“We seek a world in which every African man, woman and child can live in true freedom and equality with their rights respected, upheld and advanced.”
These are the words of President Cyril Ramaphosa who was delivering an address at the third African Union Men’s Conference.
Ramaphosa said such a world is within reach if people focus on the prevention of all forms of violence against women and girls.
The conference, which started on Monday and ends today, is taking place in Pretoria under the theme: Accelerating Commitment towards the African Union Convention on ending violence against women and girls.
“We cannot realise a society free of gender-based violence [GBV] without critically interrogating the assumptions around patriarchy, male chauvinism and sexism,” said Ramaphosa.
Describing positive masculinity, Ramaphosa said it encourages men to embrace qualities such as empathy, vulnerability, emotional intelligence and respect for diversity.
He said the conference is exceptional because the focus is on the role of men and boys in bringing about a world free of GBV.
“We are here because we know there is an alternative to a society, a continent and a world where women are oppressed, discriminated against and their rights suppressed.”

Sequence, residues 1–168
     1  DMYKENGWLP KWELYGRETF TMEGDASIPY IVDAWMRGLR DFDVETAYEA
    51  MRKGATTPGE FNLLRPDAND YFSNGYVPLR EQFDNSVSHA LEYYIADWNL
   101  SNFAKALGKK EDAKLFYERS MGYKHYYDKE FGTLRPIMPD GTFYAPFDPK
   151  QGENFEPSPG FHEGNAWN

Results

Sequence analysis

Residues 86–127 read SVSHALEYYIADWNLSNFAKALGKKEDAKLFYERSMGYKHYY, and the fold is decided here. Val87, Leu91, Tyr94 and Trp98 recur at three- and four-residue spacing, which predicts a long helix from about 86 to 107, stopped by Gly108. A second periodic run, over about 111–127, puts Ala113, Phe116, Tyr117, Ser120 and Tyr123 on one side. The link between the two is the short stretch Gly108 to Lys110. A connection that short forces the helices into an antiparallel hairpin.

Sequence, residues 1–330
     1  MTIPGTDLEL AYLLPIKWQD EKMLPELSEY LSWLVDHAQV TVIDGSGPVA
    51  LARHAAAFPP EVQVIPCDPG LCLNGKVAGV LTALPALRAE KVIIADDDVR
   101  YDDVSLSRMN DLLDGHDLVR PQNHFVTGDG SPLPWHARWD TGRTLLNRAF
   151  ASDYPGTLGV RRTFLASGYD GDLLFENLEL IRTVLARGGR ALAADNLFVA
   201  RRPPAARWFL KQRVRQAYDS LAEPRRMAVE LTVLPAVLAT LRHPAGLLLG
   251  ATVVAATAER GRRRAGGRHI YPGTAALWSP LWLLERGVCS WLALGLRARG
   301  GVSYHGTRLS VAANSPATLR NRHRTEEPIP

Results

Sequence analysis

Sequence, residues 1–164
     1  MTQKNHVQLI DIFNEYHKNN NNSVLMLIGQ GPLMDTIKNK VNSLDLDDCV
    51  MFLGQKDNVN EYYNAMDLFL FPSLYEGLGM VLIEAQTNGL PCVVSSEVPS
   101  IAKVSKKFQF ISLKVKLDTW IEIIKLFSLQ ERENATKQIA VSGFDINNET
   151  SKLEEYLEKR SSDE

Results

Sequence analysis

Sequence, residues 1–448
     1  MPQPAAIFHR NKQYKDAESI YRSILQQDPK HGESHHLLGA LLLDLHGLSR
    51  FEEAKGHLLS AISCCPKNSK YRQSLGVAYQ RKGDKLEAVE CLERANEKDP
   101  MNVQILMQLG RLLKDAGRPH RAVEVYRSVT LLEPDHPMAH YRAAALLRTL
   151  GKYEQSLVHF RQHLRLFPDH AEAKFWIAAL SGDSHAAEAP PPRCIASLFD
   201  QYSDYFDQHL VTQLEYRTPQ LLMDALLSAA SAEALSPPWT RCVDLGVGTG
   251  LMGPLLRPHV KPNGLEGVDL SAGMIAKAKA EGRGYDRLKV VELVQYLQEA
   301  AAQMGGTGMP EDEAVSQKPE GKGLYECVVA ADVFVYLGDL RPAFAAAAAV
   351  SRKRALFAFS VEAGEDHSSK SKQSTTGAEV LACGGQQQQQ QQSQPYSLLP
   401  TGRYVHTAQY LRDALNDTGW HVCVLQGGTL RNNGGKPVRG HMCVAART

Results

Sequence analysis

The president highlighted that if society yearns for a continent free of GBV, men and boys must critically interrogate patriarchy, male chauvinism and sexism.
“It is these assumptions that lead young men and boys to believe that women are property, that they are worth less than a man, and that they are deserving of ill-treatment.”
Perpetrators of violence
According to the president, men are the main perpetrators of violence against women and girls.
“This conference is about promoting positive masculinity, challenging traditional stereotypes with being a man and involves redefining the norms and expectations placed on men. It is men who have the power to bring about the change we so sorely need.”
In August, Ramaphosa convened a Presidential Young Men and Boys’ Indaba in Soweto and addressed young men who see themselves as changemakers in the fight against GBV.
He said at the time that young men face pressures that affect their attitudes to women and girls.
“These include the lack of positive male role models, absent fathers, vulnerability to recruitment by criminals, pressure to drop out of school and earn a living, and pressure to become sexually active before they are ready to,” he added.
The two-day conference in Pretoria is an opportunity to “consolidate our political commitment to ending violence against women and girls”.
“We have to address structural inequality by broadening women’s access to resources, jobs and opportunities, all the while introducing laws, policies and programmes that advance women’s economic empowerment.”
Also in attendance at the conference is President of Ethiopia Ameenah Gurib-Fakim, former president of Mauritius Catherine Samba-Panza, former president of the Central African Republic Ellen Johnson Sirleaf, and former president of Liberia Bineta Diop.
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